Testing and Checking Refined, written by James Bach and me, is a detailed description of how we think about the distinction and why it’s important.
The practical testability of a product is how easy it is to test by a particular tester and test process, in a given context. That means that testability isn’t a property of the product; it’s a relationship between the product, the context, and the tester.
People often refer to testability in terms of things built into the product; visibility (for example, log files) and controllability (for example, scriptable interfaces or APIs). These are instances of intrinsic testability. There is more to intrinsic tesability than that; and there are other dimensions of testability as well. These include
- epistemic testability: the gap between what (we think) we know about the product and what (we believe) we need to know
- value-related testability: how easy it is to determine what really matters to customers and other stakeholders
- project-related testability: how the project has been set up to make testing faster and easier
- subjective testability: how well the tester’s skill set and experience fit for the testing work that needs to be done
Test Cases and Alternatives to Them
Journalists don’t use journalism cases; researchers don’t use research cases; managers don’t use management cases; and designers don’t use design cases. In testing, why is there such a fixation on test cases? And how might we refocus on testing?
“Test Cases Are Not Testing: Toward a Culture of Test Performance” (James Bach and Aaron Hodder)
Breaking the Test Case Addiction (blog series)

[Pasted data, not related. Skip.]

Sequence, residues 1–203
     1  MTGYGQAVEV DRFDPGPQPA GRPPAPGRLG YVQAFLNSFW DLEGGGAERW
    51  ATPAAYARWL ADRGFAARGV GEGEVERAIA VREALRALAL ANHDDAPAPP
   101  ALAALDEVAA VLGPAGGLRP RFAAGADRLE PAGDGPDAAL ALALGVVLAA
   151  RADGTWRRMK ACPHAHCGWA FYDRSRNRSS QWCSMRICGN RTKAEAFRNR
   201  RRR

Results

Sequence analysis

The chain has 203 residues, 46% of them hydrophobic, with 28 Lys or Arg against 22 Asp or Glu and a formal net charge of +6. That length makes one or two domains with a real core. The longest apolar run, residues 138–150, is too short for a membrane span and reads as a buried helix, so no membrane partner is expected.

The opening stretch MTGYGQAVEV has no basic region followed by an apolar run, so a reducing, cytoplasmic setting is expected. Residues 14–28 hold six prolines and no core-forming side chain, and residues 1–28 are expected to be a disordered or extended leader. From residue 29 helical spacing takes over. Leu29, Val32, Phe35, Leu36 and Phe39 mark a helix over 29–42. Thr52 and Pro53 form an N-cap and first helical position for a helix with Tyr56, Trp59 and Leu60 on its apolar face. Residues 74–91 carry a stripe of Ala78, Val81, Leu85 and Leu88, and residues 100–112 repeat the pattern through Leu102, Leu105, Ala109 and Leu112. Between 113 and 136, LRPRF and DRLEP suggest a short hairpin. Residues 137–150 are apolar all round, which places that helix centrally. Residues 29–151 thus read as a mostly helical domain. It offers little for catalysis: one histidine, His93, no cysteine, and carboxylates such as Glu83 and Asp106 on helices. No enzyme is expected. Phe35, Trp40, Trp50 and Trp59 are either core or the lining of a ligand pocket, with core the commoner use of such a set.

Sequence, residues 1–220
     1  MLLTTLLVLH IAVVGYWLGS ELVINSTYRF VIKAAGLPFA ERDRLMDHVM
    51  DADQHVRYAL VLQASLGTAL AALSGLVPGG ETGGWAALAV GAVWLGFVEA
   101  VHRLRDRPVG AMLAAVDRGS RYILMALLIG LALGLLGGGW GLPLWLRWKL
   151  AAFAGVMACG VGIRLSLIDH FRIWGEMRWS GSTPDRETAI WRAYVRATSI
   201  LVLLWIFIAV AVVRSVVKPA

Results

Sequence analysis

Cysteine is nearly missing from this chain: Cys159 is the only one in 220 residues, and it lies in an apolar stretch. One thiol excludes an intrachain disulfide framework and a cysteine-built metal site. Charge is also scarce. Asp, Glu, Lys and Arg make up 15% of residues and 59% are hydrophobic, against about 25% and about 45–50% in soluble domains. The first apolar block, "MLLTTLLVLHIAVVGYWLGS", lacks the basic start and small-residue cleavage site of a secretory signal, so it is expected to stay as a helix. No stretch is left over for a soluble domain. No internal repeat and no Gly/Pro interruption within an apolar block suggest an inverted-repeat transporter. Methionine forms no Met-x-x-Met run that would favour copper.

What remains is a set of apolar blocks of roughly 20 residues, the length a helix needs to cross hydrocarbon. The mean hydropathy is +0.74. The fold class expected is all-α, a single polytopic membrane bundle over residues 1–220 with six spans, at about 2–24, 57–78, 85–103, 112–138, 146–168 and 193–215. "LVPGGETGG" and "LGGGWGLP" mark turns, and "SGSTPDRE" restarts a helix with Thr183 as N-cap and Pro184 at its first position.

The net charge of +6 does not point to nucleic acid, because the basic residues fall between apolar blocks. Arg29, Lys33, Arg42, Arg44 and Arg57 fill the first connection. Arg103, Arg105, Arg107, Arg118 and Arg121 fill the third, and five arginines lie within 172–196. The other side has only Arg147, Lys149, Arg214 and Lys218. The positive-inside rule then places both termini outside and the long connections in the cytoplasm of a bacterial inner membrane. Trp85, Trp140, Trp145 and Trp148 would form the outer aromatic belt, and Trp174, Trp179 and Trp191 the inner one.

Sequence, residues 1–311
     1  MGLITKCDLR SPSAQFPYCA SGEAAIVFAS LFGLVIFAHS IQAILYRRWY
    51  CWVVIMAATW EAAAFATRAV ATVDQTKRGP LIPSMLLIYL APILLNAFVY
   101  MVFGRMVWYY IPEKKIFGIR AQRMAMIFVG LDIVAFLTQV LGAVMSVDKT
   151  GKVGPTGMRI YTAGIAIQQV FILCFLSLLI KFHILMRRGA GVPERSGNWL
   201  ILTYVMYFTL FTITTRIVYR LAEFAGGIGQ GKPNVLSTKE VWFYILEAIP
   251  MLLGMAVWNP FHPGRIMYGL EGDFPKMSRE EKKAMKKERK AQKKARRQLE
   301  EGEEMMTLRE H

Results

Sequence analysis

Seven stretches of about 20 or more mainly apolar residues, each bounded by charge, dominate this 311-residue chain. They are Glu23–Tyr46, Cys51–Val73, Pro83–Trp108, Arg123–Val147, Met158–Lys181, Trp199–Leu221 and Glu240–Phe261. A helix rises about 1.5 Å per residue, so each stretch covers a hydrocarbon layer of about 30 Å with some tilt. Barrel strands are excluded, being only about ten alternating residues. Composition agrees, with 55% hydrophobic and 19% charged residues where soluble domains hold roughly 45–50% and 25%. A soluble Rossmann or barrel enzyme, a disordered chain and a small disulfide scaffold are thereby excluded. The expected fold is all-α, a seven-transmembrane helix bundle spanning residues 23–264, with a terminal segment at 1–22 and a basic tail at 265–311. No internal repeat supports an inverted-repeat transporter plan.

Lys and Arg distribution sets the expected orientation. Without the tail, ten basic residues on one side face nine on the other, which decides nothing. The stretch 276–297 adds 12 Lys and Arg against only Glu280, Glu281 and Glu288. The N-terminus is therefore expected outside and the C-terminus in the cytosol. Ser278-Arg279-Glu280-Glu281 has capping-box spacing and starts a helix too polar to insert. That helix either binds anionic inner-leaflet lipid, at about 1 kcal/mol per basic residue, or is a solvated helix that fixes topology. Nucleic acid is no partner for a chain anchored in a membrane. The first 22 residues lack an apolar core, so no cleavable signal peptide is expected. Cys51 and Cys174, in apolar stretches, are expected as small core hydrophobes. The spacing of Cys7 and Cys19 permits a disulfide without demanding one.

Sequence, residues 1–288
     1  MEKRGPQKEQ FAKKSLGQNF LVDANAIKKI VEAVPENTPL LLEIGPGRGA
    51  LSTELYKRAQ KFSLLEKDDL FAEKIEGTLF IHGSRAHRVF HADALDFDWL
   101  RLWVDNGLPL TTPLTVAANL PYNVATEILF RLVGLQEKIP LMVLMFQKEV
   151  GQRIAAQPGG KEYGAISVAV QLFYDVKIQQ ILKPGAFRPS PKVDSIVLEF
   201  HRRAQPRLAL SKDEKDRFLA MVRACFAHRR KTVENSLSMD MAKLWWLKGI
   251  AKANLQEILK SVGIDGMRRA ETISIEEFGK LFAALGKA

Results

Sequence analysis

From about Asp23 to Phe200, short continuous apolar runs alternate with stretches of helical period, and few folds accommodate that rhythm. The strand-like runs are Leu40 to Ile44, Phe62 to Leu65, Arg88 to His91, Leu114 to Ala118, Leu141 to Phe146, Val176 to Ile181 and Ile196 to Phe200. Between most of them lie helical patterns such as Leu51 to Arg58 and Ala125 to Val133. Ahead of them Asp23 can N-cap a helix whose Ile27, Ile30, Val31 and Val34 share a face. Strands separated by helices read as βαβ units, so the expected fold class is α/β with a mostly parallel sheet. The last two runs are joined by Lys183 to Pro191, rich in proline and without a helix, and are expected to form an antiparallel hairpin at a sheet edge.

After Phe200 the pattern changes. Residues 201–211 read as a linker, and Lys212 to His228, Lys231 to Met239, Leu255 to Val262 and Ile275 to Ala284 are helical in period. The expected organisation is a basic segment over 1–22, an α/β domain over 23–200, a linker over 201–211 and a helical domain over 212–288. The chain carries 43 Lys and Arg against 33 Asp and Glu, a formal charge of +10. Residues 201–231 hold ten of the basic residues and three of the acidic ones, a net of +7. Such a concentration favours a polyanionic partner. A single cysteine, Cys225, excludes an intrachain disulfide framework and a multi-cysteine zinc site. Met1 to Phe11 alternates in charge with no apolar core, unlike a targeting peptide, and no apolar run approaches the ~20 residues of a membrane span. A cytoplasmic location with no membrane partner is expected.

Oracles: How to Recognize and Describe Problems
An oracle is a means by which we recognize a problem when we encounter one in testing. This concept is remarkably under-discussed, in my view. Here are a couple of posts that help to explain oracles and how we might apply them.
Oracles from the Inside Out (series)
Coverage: How to Describe the Thoroughness of Testing
In the Rapid Software Testing namespace, coverage is how thoroughly we have examined the product with respect to some model related to the product. Talking about coverage, therefore, requires us to talk about models related to the product, and to the systems in which the product exists.
I wrote the blog post Talking About Coverage to offer some suggestions on how to do that. A key point of that post is that many of the models we apply to coverage don’t yield well to counting and to measurement. From that, it follows that some things that bear on coverage could be measured, but overall test coverage can’t be quantified in a useful way. The good news is that, like quality, coverage can be discussed, described, and assessed.
The Product Elements section of the Heuristic Test Strategy Model includes a list of seven different dimensions by which we might evaluate and describe coverage.
There are as many different ways to represent coverage as there are ways to represent models of the product. Here are some examples of product coverage outlines in many different forms.
Some older articles address the topic of coverage, too.
Got You Covered: Excellent testing starts by questioning the mission. So, the first step when we are seeking to evaluate or enhance the quality of our test coverage is to determine for whom we’re determining coverage, and why.
Cover or Discover: Excellent testing isn’t just about covering the “map”—it’s also about exploring the territory, which is the process by which we discover things that the map doesn’t cover.